Joseph Cunneen, a longtime contributor to Commonweal, passed away in his sleep on July 29. He was eighty-nine years old. The son of an attorney and a teacher, Joe attended the College of the Holy Cross in Worcester, Massachusetts, and served in France with the 101st division of Combat Engineers during World War II. It was there he discovered the theological renewal that would flourish in the postwar years and ultimately lead to Vatican II. This nouvelle théologie was very different from the theology to which he had been exposed in college, which was mainly a kind of apologetics.
In 1950, Joe founded a quarterly magazine, CrossCurrents, whose purpose was to introduce American Catholics to the new theological developments in Europe. The magazine published the work of people like Yves Congar, Henri de Lubac, and Jean-Guenolé-Marie Danielou, and many of the articles were translated into English by Joe himself. During the early years of CrossCurrents, the main editorial office was Joe’s garage. His staff consisted of his wife, Sally, a writer and teacher who supported Joe wholeheartedly. In the early days, he would write out the addresses for each copy of CrossCurrents by hand, pile the magazines into his car, and deliver them to the local post office. CrossCurrents would become an important point of reference in the evolution of American Catholicism. Thomas Merton was especially supportive of the work Joe was doing. Meanwhile, to make ends meet, Joe taught courses on cinema at several universities, while Sally worked as an English teacher at Rockland Community College. Eventually Joe came to realize that CrossCurrents would need some sort of sponsor in order to survive. After exploring his options, he finally decided to associate the magazine with the Association for Religious and Intellectual Life, which had its seat at the College of New Rochelle. The Association provided resources for CrossCurrents, but it also had a broader agenda of its own, which was somewhat different from Joe’s. He continued on as one of the editors, and Sally remained on the editorial staff, but they were no longer the decision makers.
It was at this point that I first got to know Joe. I had happened upon an early issue of CrossCurrents while I was doing theological studies in Washington, D.C., in the 1950s. Like the theology Joe had been exposed to at Holy Cross, the formation I was receiving was mainly an extension of the catechism, with loaded questions and easy answers. Cross Currents questioned the questions, and, instead of supplying easy answers, it invited the reader into the mysteries of the faith. The new perspectives it offered had an important effect on some of the big decisions I would make. Many years later, never having published anything before, I submitted an article to CrossCurrents on a lark. I was surprised to receive a long and very encouraging letter from Joe. He would have liked to use it, he said, but he was no longer “in charge” at CrossCurrents and had been overruled. Shortly after this exchange, Joe came all the way up to Boston to meet me, and we spent a couple of days together. We hit it off at once; it was as if we had always known each other. This moved me very deeply. I was a nobody, a custodian at the New England Aquarium, and Joe was—in my eyes—a major figure in American Catholicism. Thus began a wonderful friendship. I went to New York several times to visit Joe and Sally, who received me with a disarming simplicity and made me feel like one of the family.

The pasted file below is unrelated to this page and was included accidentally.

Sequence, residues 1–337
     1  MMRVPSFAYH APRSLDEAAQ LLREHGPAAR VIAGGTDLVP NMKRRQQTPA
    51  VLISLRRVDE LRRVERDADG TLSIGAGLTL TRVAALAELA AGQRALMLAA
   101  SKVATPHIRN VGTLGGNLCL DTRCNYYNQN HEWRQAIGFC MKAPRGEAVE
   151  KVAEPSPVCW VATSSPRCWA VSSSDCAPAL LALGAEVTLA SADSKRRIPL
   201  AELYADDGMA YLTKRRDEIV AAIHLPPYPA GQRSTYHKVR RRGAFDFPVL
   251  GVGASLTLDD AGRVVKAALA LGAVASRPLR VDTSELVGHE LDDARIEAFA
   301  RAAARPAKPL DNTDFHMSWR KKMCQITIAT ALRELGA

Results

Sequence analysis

Eventually Joe retired from CrossCurrents and dedicated himself to translating and promoting the works of the French writer Jean Sulivan—a project that met with little success. For many years, he was the National Catholic Reporter’s film critic, and published a book on the director Robert Bresson. Both he and Sally continued to contribute to magazine such as Commonweal, America, and Spirit.
The last time I saw Joe was at the Catholic Worker’s seventy-fifth-birthday celebration in New York. Sally was recuperating from breast cancer and had to follow a strict and exquisitely insipid diet. Out of solidarity, Joe followed the same culinary regime—until he became anemic and started to have fainting spells. At night, he would read Sally to sleep, no matter how much time it took. The relationship between Joe and Sally was not just lovey-dovey: I witnessed several occasions when they didn’t see eye to eye or got on each other’s nerves. Yet the tensions almost immediately receded into the background of their deep love. This made a lasting impression on me. Last year Sally finally succumbed to her illness. I tried to keep in touch with Joe after her death, but he rarely replied and, when he did, it was with only a sentence or two. His last email to me, sent a few months ago, simply informed me that he was entering a nursing home.
Joe was not an original thinker. He was what the French would call a passeur—a “ferryman,” literally: someone who channels other people’s ideas, and this he did with enthusiasm, dedication, and self-effacement. He had absolutely no pretensions; he was an open book. He was aware of all the good he had done and equally aware of his failures. He would speak of both in the same tone. We should be grateful to him not just because of what he did but also because of what he was: a true Israelite, without guile.